A College Student's Guide to Freelancing
I began freelancing in December of 2015. I was a freshman in college and was approached by a mentor of mine that needed help with social media and content creation for an in-browser video game he made. Nearly four years later, I still have that client; but more importantly, the work I have done for that one client has opened up opportunities for me as a freelancer, now having worked with over 50 different companies ranging in social media creation, logo design, copywriting and consulting. By the way, I'm still in college.
Freelancing is a great opportunity for college students to gain skill sets before officially entering the workforce and make a little extra money on the side.
The biggest excuses I hear from students that I approach about freelancing are "I'm too busy," "I'm not good enough to be a freelancer," and "That sounds difficult and complicated." While yes, freelancing can be difficult and stressful, that knowledge (and sometimes money) you gain from working with clients is rewarding and in the end, worth it.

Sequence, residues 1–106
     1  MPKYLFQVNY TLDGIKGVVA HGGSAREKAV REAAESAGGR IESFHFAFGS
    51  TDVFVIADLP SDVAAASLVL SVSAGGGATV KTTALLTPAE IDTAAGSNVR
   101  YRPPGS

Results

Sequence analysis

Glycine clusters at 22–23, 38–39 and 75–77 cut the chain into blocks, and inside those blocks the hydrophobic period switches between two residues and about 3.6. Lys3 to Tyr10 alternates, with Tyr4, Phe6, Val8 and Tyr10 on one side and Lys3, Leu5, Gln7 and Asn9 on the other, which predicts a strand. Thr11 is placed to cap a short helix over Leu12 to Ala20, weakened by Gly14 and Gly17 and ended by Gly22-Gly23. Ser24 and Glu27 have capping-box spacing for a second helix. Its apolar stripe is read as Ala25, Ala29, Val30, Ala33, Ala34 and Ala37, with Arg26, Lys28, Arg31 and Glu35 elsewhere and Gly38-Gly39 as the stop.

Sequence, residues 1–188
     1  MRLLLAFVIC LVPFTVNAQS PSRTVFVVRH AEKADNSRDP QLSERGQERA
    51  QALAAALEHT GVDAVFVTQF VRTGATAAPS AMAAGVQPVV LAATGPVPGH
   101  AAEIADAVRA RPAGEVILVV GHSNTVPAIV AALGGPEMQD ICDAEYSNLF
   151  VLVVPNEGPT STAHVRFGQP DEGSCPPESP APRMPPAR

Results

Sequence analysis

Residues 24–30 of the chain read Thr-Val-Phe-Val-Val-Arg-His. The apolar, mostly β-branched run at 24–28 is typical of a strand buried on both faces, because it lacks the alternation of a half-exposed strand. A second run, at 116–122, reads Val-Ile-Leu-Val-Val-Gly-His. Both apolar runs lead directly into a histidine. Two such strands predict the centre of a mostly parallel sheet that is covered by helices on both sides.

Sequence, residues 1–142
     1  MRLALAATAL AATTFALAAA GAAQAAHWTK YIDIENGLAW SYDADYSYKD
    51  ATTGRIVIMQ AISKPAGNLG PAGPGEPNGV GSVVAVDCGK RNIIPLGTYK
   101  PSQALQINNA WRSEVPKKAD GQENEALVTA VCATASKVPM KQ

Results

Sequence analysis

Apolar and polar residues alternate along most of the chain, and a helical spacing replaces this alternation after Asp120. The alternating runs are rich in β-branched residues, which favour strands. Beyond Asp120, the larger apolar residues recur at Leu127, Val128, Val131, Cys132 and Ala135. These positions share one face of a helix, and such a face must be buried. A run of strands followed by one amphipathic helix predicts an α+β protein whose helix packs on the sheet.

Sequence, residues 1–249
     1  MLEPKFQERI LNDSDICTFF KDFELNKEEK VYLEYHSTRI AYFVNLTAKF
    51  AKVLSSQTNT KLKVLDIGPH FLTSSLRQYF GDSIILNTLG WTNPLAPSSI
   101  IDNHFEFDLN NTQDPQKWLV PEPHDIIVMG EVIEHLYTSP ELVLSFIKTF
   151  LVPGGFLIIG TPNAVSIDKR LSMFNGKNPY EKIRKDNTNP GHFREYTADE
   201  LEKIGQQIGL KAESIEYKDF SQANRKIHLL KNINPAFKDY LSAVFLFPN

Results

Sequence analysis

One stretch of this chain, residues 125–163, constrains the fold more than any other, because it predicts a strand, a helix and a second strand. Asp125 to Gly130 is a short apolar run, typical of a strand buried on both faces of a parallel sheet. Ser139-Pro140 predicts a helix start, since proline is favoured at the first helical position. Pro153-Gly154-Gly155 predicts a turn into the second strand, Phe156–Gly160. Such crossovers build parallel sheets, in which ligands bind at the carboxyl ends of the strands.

So here's my College Student's Guide to Freelancing:
Find Out What You're Skilled At
When I say "skilled at," I don't mean "a master at," because you don't need to be in order to freelance.
When I took my first logo design client, it was for a paving and sealcoating company in New York. At that point, I had taken one college class on graphic design and 4 months of self-taught instruction. I got to a point where I felt confident that if I was asked to design a logo for somebody, I could do it. I knew Nike or Apple wasn't going to be asking me to design something, but for a small startup business or personal brand in need of a logo, I thought I could rise to the occasion.
I felt the same about writing articles. I have always been a skilled writer and knew that if I was approached about ghostwriting for a blog, I could deliver something I would be proud of. This led to me being a long-term contributor to a blog that wrote about men's fashion and lifestyle tips. Over the course of one year, I had written over 80 blog posts.
The first step is finding the skill(s) you feel confident enough in that you could deliver a finished product that you're proud of. (Bonus Tip: Don't worry about the client. Most clients will find something to critique, no matter how skilled you are. Ask any freelancer that.)